Printwear

February '16

For the Business of Apparel Decorating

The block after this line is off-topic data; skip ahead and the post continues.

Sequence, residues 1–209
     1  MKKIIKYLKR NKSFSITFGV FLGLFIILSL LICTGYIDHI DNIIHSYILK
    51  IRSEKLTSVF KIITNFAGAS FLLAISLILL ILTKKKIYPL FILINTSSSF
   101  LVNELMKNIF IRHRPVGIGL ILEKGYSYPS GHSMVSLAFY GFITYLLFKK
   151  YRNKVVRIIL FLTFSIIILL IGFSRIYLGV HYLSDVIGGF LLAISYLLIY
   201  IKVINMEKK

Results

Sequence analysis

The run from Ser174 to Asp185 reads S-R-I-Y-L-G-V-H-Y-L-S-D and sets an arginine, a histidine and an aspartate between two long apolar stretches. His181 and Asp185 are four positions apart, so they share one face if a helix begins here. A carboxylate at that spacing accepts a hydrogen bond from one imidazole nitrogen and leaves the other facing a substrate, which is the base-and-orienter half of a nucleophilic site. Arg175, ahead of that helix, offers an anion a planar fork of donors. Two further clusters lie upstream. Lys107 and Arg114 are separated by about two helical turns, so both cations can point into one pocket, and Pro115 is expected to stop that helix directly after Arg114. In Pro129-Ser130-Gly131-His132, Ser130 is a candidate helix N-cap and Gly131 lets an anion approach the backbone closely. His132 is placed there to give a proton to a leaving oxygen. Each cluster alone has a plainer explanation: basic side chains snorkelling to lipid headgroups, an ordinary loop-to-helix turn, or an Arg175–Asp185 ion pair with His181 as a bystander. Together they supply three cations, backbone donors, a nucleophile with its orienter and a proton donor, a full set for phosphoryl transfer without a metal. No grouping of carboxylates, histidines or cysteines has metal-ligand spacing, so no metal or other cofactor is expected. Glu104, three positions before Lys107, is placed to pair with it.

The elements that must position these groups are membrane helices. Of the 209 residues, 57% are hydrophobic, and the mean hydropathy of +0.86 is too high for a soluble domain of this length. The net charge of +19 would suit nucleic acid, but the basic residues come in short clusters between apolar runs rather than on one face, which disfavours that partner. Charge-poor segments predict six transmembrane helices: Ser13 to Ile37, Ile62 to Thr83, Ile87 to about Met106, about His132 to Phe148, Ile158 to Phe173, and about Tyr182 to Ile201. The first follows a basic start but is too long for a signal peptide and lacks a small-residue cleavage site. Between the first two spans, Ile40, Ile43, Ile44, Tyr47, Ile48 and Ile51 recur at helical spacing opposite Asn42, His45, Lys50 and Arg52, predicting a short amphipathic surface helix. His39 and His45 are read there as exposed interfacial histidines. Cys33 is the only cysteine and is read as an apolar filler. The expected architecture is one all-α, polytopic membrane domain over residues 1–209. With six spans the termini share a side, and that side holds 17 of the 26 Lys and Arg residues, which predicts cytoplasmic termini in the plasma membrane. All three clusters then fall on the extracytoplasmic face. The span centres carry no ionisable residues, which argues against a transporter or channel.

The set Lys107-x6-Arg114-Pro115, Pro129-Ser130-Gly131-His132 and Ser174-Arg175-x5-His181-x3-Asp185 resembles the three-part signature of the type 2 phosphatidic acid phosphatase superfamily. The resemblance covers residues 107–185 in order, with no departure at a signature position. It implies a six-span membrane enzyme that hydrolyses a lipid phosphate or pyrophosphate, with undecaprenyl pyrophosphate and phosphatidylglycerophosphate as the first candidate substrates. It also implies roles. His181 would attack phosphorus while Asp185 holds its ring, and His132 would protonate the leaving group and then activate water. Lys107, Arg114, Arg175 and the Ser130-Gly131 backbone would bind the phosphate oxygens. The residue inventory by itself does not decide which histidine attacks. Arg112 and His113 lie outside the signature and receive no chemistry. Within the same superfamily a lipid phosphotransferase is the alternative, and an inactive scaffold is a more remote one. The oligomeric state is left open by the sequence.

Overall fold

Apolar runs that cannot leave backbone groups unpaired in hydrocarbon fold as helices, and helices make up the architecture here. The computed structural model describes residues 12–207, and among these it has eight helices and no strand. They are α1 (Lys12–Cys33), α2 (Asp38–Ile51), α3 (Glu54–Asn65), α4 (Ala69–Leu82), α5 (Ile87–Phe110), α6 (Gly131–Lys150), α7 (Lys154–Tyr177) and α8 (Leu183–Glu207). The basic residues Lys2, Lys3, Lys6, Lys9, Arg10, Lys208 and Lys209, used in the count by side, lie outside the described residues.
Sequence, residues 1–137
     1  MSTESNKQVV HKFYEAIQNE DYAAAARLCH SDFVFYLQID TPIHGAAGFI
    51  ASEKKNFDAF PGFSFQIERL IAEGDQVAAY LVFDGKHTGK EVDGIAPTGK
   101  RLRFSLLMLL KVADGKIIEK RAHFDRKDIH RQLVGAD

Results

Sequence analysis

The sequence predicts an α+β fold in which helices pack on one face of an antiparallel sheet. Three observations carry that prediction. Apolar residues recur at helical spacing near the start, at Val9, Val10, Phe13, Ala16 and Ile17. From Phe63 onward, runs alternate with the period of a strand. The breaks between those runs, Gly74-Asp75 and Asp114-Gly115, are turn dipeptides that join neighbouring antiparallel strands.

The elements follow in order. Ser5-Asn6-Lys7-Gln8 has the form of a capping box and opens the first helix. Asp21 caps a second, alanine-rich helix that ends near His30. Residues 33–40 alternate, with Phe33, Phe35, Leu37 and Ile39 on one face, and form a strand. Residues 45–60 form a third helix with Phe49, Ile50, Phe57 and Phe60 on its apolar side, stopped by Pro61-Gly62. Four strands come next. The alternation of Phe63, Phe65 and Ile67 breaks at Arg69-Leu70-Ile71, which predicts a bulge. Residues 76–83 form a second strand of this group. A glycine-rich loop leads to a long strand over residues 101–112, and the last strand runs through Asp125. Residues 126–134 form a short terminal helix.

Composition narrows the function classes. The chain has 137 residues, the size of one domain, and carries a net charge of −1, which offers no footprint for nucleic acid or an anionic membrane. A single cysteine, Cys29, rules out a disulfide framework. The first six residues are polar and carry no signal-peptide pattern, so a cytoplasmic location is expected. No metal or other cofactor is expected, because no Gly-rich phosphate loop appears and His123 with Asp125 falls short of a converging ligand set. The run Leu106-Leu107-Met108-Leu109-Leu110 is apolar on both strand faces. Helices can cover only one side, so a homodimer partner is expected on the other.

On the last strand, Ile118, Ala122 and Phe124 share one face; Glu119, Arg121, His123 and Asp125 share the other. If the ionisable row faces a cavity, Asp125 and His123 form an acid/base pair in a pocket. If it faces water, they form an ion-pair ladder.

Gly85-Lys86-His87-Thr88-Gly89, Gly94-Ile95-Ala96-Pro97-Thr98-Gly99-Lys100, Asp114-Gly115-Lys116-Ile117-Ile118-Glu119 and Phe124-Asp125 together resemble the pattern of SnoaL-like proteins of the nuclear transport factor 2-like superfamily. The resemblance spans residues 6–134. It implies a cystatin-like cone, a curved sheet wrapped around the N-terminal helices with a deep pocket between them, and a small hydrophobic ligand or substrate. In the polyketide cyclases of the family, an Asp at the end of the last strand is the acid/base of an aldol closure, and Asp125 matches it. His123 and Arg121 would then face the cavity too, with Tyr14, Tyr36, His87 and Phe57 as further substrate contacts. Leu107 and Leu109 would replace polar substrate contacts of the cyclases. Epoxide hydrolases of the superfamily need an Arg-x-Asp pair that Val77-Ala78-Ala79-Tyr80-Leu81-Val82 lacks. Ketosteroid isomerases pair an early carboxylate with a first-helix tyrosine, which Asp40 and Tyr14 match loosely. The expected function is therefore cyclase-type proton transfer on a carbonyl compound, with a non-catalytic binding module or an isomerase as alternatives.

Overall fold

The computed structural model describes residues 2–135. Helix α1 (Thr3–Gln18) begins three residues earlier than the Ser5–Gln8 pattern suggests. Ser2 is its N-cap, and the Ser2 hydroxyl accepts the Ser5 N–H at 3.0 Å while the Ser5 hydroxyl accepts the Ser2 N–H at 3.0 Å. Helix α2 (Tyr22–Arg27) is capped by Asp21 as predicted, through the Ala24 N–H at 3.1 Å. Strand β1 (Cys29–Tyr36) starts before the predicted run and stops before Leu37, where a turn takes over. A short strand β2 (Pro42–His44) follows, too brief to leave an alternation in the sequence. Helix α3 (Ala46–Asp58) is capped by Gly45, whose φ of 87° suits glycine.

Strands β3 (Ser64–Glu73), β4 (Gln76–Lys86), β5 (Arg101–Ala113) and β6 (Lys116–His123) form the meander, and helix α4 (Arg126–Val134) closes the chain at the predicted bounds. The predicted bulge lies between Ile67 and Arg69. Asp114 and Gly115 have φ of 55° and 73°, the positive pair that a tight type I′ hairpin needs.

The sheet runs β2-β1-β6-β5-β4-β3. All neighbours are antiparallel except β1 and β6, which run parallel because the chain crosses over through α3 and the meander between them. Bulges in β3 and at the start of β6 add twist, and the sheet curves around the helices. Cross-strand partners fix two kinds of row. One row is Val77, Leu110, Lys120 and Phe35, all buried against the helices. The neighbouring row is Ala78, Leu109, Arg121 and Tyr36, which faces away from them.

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D igitizing is a term often associ- ated with embroidery designs, but it has a much broader meaning. Digitizing is the conversion of data to a digital form for use in a computer. This applies to embroidery where an image is converted to code that an embroidery machine processes for comple- tion of a design. Without a digitized file, the embroidery machine won't have a clue how to stitch the desired design on the garment. If you don't have a digitized file, you don't have anything to run on the machine. Digitizing also occurs when an image is scanned and then converted to a vector through a program such as Adobe Illus- trator or CorelDRAW. Therefore, people who are capable of digitiz- ing artwork for graphics, are capable of digitizing artwork for embroidery. While the process of forming shapes is rela- tively the same in both graphic and embroidery digitizing, that is where the similarities end. Embroidery digitizing has many variables that must be considered with each and ev- ery design. Two very important variables are the size of the design and the material that is being embroidered. SIZE Knowing the size of a design is a critical part of the embroidery process. Unlike print, embroidery has dimension and tex- ture which requires careful planning and attention to both detail and limitations. There are three primary stitch types (with Ed Levy is the director of software products at Hirsch International and owner of Digitize4u, an embroidery and digitizing operation. A 23-year industry veteran, Levy has owned screen printing, embroidery, and digitizing businesses. In 2001, Levy began consulting and founded EmbForum, a profes- sional Tajima DG/ML by Pulse software users group. Digitizing 101 B Y E D L E V Y 60 || P R I N T W E A R F E B R U A R Y 2 0 1 6 The material you are stitch- ing on will affect the way you digitize any given design. Be sure to take into account the stretch, thickness and texture of your substrate to ensure a proper finished product. (All images courtesy Hirsch International) ‚óŹ Beginner

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